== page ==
travel bite: Yangon (Rangoon), Burma

THE city’s streets are dark. At intervals there is the odd fluorescent tube, a candle, a dim shop light. Sounds and smells become guides. Uneven terrain is blindly navigated underfoot.

In what light there is a man is spied on his back, spreadeagled, his body contained within a metal framed trailer. It is parked in the middle of the pavement – he is fast asleep, oblivious to those around him.

Then the betel nut booths appear. Every few paces – stationed by a light or having brought their own – the vendors brush palm sized green leaves with a wash of white paste before stuffing and rolling tight parcels to order.

The following block offers a sprawling void. Heading into darkness it is a surprise to see a grand colonial red brick building loom into view. Eyes brought down to ground level a fence of solid bars is noticed, barbed wire spiraling its top. As the form reveals itself further the appearance of a castle takes shape. A gutter posing as a moat is sunken between the first and a second fence.

Mid-block arches can be seen flickering. Fires burn, cauldrons steam, and sheets billow on a line. A TV plays somewhere further within. The odd person moves between crumbling walls leading to a courtyard deeper inside the complex.

When curious eyes are finally drawn away from the strange, eerily silent, smokey scene they come to settle upon two guards. One crouched. One standing. Faces mutely staring out through barriers. Watching; not watching.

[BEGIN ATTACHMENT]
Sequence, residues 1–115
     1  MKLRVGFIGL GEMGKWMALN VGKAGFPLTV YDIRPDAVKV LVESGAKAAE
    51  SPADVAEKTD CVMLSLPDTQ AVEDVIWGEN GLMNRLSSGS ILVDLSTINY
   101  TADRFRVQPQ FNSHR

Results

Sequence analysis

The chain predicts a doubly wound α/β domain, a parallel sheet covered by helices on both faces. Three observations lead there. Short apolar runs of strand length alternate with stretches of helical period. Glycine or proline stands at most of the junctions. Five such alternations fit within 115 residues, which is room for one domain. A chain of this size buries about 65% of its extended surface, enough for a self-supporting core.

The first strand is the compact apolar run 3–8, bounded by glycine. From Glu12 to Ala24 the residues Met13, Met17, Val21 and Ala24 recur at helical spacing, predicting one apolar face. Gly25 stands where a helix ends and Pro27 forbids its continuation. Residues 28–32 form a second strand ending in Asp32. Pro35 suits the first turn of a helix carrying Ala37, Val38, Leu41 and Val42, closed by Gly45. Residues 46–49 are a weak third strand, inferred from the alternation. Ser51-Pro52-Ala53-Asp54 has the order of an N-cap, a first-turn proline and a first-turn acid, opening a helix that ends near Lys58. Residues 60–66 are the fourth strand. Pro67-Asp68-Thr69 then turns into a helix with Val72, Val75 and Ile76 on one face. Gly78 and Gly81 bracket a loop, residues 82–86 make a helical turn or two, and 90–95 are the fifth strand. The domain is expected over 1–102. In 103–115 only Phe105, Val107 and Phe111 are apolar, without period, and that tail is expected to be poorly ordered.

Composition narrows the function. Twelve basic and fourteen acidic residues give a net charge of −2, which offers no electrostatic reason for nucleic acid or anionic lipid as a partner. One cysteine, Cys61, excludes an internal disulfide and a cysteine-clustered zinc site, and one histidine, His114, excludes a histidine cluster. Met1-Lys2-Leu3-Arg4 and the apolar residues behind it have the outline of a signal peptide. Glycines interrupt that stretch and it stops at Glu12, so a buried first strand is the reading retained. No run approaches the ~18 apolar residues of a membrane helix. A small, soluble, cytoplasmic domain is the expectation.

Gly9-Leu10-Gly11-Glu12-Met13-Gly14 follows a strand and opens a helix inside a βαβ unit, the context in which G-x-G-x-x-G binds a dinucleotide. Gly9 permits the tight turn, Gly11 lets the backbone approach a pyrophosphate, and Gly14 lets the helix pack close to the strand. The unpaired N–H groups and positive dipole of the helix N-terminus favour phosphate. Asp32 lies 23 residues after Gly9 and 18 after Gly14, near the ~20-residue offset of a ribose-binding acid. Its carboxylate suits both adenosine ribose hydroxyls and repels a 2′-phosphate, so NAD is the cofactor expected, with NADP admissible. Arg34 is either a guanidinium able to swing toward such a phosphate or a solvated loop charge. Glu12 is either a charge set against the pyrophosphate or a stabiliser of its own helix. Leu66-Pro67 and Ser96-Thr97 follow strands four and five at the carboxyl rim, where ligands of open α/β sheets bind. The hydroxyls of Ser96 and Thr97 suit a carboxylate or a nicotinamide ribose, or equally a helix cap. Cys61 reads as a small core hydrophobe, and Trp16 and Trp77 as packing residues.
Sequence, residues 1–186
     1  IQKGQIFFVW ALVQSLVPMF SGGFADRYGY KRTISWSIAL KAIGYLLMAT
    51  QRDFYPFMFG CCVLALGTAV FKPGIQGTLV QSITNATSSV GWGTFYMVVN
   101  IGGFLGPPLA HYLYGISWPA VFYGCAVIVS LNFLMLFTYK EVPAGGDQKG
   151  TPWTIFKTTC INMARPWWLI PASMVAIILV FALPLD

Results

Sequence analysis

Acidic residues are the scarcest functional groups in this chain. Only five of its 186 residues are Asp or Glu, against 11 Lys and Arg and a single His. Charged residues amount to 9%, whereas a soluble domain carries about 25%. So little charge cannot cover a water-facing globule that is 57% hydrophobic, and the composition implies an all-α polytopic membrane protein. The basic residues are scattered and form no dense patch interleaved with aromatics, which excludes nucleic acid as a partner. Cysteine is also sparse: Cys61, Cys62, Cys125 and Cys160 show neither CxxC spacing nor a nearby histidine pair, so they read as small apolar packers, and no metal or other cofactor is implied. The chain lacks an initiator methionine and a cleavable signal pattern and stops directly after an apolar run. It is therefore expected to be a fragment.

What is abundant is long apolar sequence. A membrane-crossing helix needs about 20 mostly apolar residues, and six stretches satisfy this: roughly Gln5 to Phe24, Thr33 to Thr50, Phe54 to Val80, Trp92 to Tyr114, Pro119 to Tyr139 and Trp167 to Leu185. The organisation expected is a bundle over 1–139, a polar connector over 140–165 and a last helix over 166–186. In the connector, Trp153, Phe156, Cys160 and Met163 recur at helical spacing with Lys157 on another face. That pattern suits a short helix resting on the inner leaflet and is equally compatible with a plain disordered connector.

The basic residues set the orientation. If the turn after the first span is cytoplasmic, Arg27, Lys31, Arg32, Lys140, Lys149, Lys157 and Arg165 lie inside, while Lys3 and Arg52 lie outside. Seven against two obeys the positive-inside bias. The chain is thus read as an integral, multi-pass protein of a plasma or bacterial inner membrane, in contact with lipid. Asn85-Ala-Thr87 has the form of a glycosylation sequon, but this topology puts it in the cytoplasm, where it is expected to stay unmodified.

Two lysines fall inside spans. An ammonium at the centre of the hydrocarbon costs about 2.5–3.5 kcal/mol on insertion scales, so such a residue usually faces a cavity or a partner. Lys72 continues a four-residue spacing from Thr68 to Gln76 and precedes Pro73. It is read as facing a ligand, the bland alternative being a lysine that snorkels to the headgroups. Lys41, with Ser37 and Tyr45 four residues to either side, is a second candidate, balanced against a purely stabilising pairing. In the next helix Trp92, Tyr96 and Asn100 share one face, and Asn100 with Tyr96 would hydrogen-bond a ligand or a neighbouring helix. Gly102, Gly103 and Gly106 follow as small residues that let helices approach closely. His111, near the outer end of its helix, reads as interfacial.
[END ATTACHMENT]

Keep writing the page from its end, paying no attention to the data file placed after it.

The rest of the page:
It is hard not to become transfixed by the presence of life beyond the walls of this unmarked, unmapped building. Who are the men, women and children, tending to apparently mundane activities in the glow of rubble? Are guards necessary? Who are they protecting – those within? Or those that are outside?

Lingering, the mind roams. But it is entering the realm of fantasy – refugees, religious sect, the occult – and by daylight it shall be revealed that there is in fact nothing sinister surrounding the goings on.

But the stage is set, the atmosphere absorbed. It is time to move on out of the darkness and into the (relative) light.

This time strips of fluorescent tubing are strung up at abstract angles in a cluster. It is not enough illumination though. Venturing through a throng of market sellers – colourful fresh produce piled high on the ground – thick wooden chopping boards are revealed bearing candles crudely stuck into slabs of raw meat. Bald chickens are on display, legs splayed up in the air. Fresh fish – bodies severed – and small heaps of their dried out friends line up by the feet of passers by.

And this time there is an audio accompaniment emerging out of Yangon’s darkness, permeating the medieval scene. A dull repetitive thud of rough blades, cutting through flesh into solid, blood soaked, wood.

Now that the scene has been set, here is Yangon by light…

One Response to “travel bite: Yangon (Rangoon), Burma”
  1. Carrie Haines says:

    Your sharp eye and ear always captures the moment.

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